The last few weeks my family and I have been doing little more than working on our house. We have been unusually united in our objectives, and the house is quickly turning into a beautiful, clean and unfamiliar place.
I usually wake up at 7 am, put on my paint-splattered sweat pants, an old white t-shirt and plan the next task while sipping a cup of coffee. I get the brushes ready, check on the painting supplies, and spread out the floor coverings.
I fill in the scratches, and smooth over the bumps and irregularities in the walls, including the gash that Mike made in the breakfast room. When he was a senior in high school I was scolding him for skipping a class and in a fit of anger he threw the phone at the wall. That hole has been staring us in the face for years now. But no more.
The walls in the breakfast room, as well as the kitchen, are smooth and silky and painted a soothing shade of gray, the color called Tea Stain. A contractor has been working on the kitchen cabinets, paining them white, almost pure white, the color of freshly fallen snow. I bought new knobs, pulls and hinges cut in a modernly spartan design, the patina of brushed silver.
As soon as the cabinet doors are hung back up, we will line the shelves with plates, bowls, cups and glasses. Only the beautiful, white dishes will be displayed, not the colorful, chipped array of mismatched favorites. I have already warned Jeff not to expect his enormous ugly coffee cup (we call it the boat) on the shelves until we move into our new house.
Branka and Joe have painted all the bedrooms upstairs, including Jeff’s office and the long hallway. The bedrooms are of different neutral tones, the office white, and the hallway a buttery cast of cream. The living room and the dining room are the same cream color. Nena painted the trim throughout the house eggshell white, polished the windows and washed the screens, and then we rehung the lace curtains on the large living room window.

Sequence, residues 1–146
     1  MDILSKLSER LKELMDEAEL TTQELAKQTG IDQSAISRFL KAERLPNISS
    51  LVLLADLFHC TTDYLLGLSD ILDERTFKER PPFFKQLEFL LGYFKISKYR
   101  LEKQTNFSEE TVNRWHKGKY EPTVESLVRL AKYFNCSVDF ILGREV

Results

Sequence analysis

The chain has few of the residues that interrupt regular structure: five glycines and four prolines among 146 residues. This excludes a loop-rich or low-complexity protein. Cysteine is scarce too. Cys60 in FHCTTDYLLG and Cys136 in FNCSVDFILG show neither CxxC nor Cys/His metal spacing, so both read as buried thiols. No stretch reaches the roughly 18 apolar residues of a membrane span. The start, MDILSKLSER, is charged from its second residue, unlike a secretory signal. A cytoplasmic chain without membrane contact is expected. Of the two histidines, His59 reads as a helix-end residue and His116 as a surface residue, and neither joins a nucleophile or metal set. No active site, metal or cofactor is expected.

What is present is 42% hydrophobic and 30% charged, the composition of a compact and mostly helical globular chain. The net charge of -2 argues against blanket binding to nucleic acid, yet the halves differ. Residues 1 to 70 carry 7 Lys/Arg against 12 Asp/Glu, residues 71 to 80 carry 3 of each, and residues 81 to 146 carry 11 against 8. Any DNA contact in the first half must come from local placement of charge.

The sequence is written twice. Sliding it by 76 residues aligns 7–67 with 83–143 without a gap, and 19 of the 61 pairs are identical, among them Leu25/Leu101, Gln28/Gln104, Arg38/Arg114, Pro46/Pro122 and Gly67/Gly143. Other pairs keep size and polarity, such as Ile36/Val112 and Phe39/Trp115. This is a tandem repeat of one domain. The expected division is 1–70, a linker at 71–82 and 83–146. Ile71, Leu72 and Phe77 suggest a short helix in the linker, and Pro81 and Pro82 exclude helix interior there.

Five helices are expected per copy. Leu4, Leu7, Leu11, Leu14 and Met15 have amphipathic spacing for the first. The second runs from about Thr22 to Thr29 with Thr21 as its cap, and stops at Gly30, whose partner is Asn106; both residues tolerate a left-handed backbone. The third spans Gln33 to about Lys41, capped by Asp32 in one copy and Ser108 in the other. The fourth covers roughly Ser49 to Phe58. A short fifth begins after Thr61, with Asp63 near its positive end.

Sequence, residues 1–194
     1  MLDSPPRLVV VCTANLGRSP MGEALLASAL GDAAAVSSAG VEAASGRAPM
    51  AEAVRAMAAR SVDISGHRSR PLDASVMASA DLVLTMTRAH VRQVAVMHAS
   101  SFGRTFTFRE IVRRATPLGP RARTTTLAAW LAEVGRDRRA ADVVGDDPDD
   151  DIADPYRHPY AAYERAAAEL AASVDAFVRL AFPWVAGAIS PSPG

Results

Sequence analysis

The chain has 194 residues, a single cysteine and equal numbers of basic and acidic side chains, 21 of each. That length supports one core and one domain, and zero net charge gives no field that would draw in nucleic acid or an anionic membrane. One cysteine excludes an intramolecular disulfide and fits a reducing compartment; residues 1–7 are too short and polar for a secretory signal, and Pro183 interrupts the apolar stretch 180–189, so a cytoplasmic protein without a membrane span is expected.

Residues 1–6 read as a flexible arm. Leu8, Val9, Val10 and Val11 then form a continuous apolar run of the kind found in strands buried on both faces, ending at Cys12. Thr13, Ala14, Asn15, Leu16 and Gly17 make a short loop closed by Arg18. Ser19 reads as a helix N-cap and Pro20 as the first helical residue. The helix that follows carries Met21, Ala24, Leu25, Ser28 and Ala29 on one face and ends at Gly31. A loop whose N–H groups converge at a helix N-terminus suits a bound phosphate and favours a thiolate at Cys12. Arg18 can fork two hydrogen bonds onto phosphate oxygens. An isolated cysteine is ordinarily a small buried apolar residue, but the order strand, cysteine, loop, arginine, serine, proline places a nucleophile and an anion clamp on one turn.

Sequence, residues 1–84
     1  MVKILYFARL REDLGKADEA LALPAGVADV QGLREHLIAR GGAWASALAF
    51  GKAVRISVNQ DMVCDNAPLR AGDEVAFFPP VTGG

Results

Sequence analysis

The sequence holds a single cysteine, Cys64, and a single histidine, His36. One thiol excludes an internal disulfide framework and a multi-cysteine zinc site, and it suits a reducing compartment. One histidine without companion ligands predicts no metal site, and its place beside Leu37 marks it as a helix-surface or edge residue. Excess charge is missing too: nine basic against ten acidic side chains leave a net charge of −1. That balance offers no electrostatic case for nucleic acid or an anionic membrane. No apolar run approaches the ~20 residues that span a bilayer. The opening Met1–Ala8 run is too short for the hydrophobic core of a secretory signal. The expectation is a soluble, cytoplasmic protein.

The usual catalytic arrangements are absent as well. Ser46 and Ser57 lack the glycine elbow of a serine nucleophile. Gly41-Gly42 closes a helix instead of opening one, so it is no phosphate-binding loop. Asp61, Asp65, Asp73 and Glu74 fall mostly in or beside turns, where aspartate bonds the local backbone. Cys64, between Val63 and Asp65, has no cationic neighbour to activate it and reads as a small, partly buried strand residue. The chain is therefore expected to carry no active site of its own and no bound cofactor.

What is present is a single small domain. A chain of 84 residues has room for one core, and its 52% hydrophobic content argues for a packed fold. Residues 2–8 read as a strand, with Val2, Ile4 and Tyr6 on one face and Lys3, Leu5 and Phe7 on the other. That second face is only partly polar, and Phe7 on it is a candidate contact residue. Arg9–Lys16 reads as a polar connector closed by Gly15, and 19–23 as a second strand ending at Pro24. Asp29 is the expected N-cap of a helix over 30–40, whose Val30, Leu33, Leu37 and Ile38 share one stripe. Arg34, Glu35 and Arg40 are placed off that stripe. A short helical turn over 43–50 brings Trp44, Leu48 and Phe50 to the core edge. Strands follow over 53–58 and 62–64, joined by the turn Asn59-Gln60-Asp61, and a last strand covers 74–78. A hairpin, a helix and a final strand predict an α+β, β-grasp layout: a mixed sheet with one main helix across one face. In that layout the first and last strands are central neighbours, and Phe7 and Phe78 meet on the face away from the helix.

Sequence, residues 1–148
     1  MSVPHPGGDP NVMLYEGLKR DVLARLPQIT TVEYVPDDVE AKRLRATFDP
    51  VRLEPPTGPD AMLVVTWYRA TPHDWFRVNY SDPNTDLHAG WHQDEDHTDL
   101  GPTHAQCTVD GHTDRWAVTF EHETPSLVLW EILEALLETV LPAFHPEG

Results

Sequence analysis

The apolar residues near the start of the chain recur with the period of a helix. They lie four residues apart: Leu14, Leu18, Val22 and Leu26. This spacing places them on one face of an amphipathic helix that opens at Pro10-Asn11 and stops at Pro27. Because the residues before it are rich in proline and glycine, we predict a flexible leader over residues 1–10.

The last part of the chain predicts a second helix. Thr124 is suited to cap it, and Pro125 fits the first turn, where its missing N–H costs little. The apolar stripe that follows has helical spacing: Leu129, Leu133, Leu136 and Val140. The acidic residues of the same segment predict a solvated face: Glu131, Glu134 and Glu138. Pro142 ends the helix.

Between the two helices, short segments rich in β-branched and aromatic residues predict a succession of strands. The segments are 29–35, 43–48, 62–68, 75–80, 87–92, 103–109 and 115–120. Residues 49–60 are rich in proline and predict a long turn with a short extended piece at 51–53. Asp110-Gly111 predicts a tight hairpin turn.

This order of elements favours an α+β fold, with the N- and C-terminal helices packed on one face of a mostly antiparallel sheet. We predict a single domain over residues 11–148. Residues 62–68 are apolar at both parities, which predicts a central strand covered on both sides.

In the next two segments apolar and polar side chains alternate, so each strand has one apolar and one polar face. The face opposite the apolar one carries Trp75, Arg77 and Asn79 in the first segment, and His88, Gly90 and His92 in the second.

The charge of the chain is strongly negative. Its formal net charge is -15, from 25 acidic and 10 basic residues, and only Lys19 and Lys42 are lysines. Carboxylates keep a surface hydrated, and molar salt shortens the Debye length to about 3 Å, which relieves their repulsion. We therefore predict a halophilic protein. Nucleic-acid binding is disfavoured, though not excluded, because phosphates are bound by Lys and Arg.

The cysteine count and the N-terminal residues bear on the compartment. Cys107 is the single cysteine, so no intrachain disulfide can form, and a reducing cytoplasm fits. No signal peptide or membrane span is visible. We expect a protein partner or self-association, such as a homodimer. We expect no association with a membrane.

I have been spending a lot of time clearing the bookshelves. Our bookshelves were tightly packed with volumes collected over decades, books from Jeff’s and my years both separate and together. Our children have been ardently adding to this collection ever since they could read.
I try to decide which books to place in a box that says – To Give Away. At first it’s very hard and I can’t bear to part with any of my old, familiar friends. But it seems to get easier the longer I work at it. Still, I change the wording on the box and now I know what I’ll do. I can’t just give these books away. I will go through the collection once again when we move into our new place, and ask the children if they want to keep any of the volumes.
Next to the books were family photographs: Sam and Nicky dressed formally (she in a velvety red dress, he in a white shirt, white sweater and a bow tie) in a nursery school portrait; Sasha and Nena looking happy but sunburned in their bathing suits during a summer vacation at the lake; ten year old Mike hugging Silver when she was an awkward, long eared puppy; and many more.
I wrap the pictures in sheets of newspaper and place them in a different box. Everything must go, all the personal objects that tie us to this particular place. The bookshelves need to look clean, uncluttered and anonymous.
Much more needs to be done to ready the house for its debutante presentation. The bathrooms need work. The family room must be painted and is crying for a new carpet. And don’t even let me start about the garage and the basement.
The garden area and the outdoor plants need to be cleared, weeded, planted, pruned and beautified, but that is an activity I am actually looking forward to. We plan to invite a group of friends to come and help, and then, we’ll have a barbecue, eat, drink and celebrate.
And that’s the state of things at the Holtzman household in this month of May, 2012.